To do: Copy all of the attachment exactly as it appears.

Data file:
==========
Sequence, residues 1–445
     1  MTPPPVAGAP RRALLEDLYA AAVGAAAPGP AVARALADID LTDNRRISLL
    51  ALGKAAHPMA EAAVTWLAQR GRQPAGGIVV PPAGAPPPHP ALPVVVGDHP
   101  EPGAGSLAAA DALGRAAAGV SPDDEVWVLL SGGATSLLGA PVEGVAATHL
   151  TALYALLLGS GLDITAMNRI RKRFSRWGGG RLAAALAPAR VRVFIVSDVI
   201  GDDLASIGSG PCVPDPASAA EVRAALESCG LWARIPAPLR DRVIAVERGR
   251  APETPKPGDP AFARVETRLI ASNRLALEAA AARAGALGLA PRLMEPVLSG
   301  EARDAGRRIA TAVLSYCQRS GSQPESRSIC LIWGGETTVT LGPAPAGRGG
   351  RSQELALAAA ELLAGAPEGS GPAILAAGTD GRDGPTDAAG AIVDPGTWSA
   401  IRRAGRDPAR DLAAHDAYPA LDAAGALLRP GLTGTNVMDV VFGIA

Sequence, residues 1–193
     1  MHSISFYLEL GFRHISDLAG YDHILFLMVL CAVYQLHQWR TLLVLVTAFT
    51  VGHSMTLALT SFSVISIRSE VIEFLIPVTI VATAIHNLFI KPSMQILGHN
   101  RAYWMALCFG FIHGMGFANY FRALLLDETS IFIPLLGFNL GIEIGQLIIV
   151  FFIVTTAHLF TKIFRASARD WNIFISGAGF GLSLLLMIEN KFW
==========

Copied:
Sequence, residues 1–445
     1  MTPPPVAGAP RRALLEDLYA AAVGAAAPGP AVARALADID LTDNRRISLL
    51  ALGKAAHPMA EAAVTWLAQR GRQPAGGIVV PPAGAPPPHP ALPVVVGDHP
   101  EPGAGSLAAA DALGRAAAGV SPDDEVWVLL SGGATSLLGA PVEGVAATHL
   151  TALYALLLGS GLDITAMNRI RKRFSRWGGG RLAAALAPAR VRVFIVSDVI
   201  GDDLASIGSG PCVPDPASAA EVRAALESCG LWARIPAPLR DRVIAVERGR
   251  APETPKPGDP AFARVETRLI ASNRLALEAA AARAGALGLA PRLMEPVLSG
   301  EARDAGRRIA TAVLSYCQRS GSQPESRSIC LIWGGETTVT LGPAPAGRGG
   351  RSQELALAAA ELLAGAPEGS GPAILAAGTD GRDGPTDAAG AIVDPGTWSA
   401  IRRAGRDPAR DLAAHDAYPA LDAAGALLRP GLTGTNVMDV VFGIA

Sequence, residues 1–193
     1  MHSISFYLEL GFRHISDLAG YDHILFLMVL CAVYQLHQWR TLLVLVTAFT
    51  VGHSMTLALT SFSVISIRSE VIEFLIPVTI VATAIHNLFI KPSMQILGHN
   101  RAYWMALCFG FIHGMGFANY FRALLLDETS IFIPLLGFNL GIEIGQLIIV
   151  FFIVTTAHLF TKIFRASARD WNIFISGAGF GLSLLLMIEN KFW